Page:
Synopsis of 10×10: The Doctor, Bill, and Nardole take a trip to ancient Scotland. There are Romans, Scots, and monsters. And of course, there are battle eyebrows.
Our heroic threesome land in Ancient Aberdeen, around the second century. Bill starts talking nonsense about how she knows more about Roman soldiers in the Ninth Legion that the Doctor. Funny how several companions 1) have some association with ancient Romans (like Rory as the Last Centurion), and 2) think they know more about Romans than actual ancient aliens (cue Clara waxing poetic about Marcus Aurelius, a man she never mentioned before or after her speech in ‘Deep Breath’).
The Ninth Legion is meant to have disappeared in Scotland. The Doctor is convinced there was a great battle, and Bill has other ideas. Each go in search of the soldiers, either dead or alive. First, they encounter some enraged Picts (a Scottish tribe). Bill falls down a hole a finds herself a Roman. The Doctor finds more than one Roman; there’s many dead in a field. And not just dead. They’ve been devoured, the light sucked away from them.
A beast called the “Light Eating Locust” is a scourge to the area, devouring Scots and Romans alike. The Doctor finds himself in the company of Scots, led by the wee Kar the Gatekeeper. And Bill finds herself in the company of the cowards of Ninth Legion, those who ran away from battle to only hide underground.
The Doctor, as always, manages to figure out what’s going on: the so-called Gate is an inter-dimensional portal that the monster has traveled through. It’s weak and feeding on the humans of earth. Soon it will eat more than people. It will devour the sun and stars until there’s no more light left in the universe. Kar was meant to fight it back; instead she freed it. She thought it would fight the Romans and win the war. She was half-right. It defeated her enemy, but it also doomed her people.
Bill, making friends with a very open-minded group of Romans, convinces them to leave their underground shelter and find the Doctor. They manage to escape an encounter with the monster, only to find themselves in the heart of the Scottish army. At this point, the episode feels like a remix of ‘Empress of Mars.’ Human conquerors (the Romans) fighting another people for their rightful land (the Scots). But in this case, there’s a great equalizer, a common enemy. Neither group will survive the Light-Eater. And the Doctor is the only one with a plan.
Together, they force the creature back into its dimension using a weapon that the Doctor describes as a “lollypop.” In fact, to uses light as a weapon. That’s a common theme in Doctor Who: the simple and seemingly insignificant is often the most important. Another theme is the Doctor trying to be the hero of every adventure. This time around, the Doctor offers to guard the gate forever. He can do that; the Scots and their tiny human lifespans cannot. It’s reminiscent of the Christmas Town episode.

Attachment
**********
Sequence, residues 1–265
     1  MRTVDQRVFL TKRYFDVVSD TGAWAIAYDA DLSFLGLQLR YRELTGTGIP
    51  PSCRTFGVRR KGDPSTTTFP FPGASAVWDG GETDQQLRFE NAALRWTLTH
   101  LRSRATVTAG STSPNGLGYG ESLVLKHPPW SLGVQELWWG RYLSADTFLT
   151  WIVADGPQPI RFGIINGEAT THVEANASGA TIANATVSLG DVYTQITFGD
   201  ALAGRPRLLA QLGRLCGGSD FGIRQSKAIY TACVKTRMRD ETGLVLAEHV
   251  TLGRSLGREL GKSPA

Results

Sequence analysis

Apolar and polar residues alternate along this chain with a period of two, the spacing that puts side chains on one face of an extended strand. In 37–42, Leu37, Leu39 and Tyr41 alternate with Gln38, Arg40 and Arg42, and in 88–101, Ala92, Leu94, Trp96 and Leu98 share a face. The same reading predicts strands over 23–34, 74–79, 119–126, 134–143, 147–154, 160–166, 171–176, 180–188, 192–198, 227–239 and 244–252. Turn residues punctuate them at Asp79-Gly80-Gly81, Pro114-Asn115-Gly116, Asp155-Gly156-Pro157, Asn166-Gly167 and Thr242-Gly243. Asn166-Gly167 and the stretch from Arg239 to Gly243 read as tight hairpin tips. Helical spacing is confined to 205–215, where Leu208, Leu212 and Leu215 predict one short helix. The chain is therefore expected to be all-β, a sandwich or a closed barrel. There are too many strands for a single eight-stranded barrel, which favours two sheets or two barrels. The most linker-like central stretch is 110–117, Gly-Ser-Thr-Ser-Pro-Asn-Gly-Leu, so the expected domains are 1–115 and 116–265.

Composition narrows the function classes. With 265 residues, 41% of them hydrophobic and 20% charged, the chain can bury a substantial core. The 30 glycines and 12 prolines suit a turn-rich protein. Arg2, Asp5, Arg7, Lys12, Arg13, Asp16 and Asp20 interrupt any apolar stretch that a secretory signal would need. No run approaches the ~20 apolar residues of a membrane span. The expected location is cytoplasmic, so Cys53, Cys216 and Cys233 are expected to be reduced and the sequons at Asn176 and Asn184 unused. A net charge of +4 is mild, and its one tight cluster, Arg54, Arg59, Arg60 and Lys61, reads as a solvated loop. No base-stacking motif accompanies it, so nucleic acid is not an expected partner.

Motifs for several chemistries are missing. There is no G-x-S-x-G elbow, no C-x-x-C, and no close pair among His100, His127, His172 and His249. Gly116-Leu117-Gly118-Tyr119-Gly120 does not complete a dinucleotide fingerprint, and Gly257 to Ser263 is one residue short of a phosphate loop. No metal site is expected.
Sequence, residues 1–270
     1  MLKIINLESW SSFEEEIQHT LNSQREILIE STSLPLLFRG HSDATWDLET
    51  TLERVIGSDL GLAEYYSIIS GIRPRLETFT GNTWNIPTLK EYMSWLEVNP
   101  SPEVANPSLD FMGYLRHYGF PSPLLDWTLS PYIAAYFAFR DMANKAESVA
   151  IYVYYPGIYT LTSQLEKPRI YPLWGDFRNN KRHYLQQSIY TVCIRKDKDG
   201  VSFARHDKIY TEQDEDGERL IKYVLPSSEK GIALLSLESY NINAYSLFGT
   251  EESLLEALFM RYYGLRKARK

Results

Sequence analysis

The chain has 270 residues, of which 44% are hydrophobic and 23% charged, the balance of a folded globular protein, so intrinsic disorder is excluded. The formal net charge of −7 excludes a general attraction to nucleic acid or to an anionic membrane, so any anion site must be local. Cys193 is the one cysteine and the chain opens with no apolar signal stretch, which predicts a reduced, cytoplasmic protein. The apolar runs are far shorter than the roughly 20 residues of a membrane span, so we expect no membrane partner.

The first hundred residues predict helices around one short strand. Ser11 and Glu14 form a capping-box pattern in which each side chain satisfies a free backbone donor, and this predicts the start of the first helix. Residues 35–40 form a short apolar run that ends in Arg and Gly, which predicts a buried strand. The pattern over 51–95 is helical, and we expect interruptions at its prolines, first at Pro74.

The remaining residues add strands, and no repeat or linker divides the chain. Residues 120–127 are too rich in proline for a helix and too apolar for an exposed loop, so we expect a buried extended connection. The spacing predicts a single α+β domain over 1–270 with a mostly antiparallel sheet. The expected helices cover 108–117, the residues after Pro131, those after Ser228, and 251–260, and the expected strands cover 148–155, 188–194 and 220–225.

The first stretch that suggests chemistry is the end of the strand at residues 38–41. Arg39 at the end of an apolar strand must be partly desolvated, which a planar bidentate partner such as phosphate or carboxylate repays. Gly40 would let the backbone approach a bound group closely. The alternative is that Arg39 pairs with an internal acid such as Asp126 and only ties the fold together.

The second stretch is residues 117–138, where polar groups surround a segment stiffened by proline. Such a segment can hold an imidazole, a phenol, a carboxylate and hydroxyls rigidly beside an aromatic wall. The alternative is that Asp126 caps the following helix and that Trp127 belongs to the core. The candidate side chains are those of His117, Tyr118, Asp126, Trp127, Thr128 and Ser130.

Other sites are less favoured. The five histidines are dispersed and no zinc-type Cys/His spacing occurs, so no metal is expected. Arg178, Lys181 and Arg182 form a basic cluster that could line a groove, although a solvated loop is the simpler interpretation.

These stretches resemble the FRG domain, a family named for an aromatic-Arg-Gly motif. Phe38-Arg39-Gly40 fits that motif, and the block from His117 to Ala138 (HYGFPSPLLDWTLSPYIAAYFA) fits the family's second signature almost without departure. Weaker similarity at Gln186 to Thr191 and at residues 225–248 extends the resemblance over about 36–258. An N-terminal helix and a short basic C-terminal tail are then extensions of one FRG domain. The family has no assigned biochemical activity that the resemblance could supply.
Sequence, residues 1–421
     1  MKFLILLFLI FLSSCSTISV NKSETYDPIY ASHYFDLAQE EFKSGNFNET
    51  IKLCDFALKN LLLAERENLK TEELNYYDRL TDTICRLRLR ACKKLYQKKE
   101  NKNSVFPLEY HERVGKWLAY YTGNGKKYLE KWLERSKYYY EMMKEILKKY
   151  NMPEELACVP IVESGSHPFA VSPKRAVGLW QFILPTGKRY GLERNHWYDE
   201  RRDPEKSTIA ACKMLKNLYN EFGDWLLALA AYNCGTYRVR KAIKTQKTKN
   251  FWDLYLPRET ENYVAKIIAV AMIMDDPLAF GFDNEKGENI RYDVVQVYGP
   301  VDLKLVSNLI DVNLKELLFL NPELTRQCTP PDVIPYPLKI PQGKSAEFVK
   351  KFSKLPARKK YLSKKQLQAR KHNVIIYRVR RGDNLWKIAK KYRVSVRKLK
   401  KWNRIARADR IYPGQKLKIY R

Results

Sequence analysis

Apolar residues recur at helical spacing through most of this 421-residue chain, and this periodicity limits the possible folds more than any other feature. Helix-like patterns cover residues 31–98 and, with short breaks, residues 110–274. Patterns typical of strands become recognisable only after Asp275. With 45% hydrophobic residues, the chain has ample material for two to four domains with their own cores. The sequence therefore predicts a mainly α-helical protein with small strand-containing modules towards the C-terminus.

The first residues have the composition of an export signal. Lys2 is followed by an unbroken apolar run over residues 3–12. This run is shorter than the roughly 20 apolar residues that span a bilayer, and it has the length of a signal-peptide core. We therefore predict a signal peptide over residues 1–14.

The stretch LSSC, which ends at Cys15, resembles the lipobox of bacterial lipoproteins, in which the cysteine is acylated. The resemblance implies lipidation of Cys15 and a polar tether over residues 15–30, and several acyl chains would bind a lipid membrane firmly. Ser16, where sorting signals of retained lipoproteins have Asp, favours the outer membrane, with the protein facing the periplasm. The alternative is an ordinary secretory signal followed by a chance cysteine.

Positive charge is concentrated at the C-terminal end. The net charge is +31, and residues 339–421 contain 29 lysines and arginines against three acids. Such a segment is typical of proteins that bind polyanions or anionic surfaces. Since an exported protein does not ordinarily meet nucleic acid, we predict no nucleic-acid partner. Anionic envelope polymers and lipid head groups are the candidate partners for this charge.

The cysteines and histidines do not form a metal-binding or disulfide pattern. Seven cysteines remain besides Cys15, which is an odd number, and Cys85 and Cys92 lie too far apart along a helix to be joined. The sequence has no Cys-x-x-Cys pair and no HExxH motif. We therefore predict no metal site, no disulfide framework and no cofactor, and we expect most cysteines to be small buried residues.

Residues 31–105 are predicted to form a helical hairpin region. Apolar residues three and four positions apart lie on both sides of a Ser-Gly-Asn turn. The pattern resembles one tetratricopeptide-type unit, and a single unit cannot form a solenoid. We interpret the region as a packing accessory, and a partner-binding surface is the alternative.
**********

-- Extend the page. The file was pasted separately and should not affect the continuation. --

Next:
But the Doctor is thwarted and rightfully so. It’s not his destiny to guard the gate. It’s Kar’s. It’s her fight, her responsibility. And the Ninth Legion soldiers who were deemed cowards and traitors are able to redeem themselves by banding together with their former enemy. (Again, just like Godsacre in ‘Empress of Mars.’)
Now that the land of Aberdeen is safe, the crew return to the Tardis. Except this time, Missy is chilling out. Nardole and Bill are both livid. But the Doctor is always trying to save someone. If he can’t be the hopeful hero, another lost soul.
Remember that wee little girl from the beginning? Well, she’s listening to the ghostly sounds of Picts playing music across the centuries. That’s what Missy doesn’t get about the universe, says the Doctor. You can know it all, but you can’t hear the music. Missy listens, hears it, and begins to cry. But is it real? With only two episodes left, I’m sure we’ll find out soon.
- There’s a really wonderful motif of language in this episode, starting with the crows. The crows speak in the second century, saying “dark” or “monster.” The Doctor thinks they’ve stopped talking and caw in outrage. In fact, they’re remember Kar. (Kar, Kar!)
- That theme continues once Bill realizes that the Tardis has a language function. She reminds the Picts and the Romans of it when they meet. If there’s no language barrier, then there’s a chance at understanding one another. The Doctor thinks they all sound like children, which is an insight as to how he sees the world. It might also be why he feels the need to protect everyone all the time.
- Last bit of this theme is that music is a language of its own. So it’s only fitting that music be showcased at the top and bottom of the episode.
- The social justice bits are getting better and better. Not only are there several soldiers of color in this episode (and why wouldn’t there be since Romans conquered huge swaths of land). There’s also a great discussion about sexuality. Funny enough, one Roman calls Bill’s homosexuality “limited” since he’s bisexual. We live in a time when the Babadook is part bisexual erasure, and it looks like Doctor Who is not partaking in that game.
- Rona Munro is the first, and only, writer to have worked on both the Classic and New Doctor Who. She wrote “Survival,” the last serial for the Classic Series which aired in 1989.
- Was the Doctor’s mention of his understanding of Rome also a reference to ‘Fires of Pompeii?’ That might require a second watch!
- Nardole was in a bathrobe the whole time. I don’t know why, but he looked like Arthur Dent with war paint on.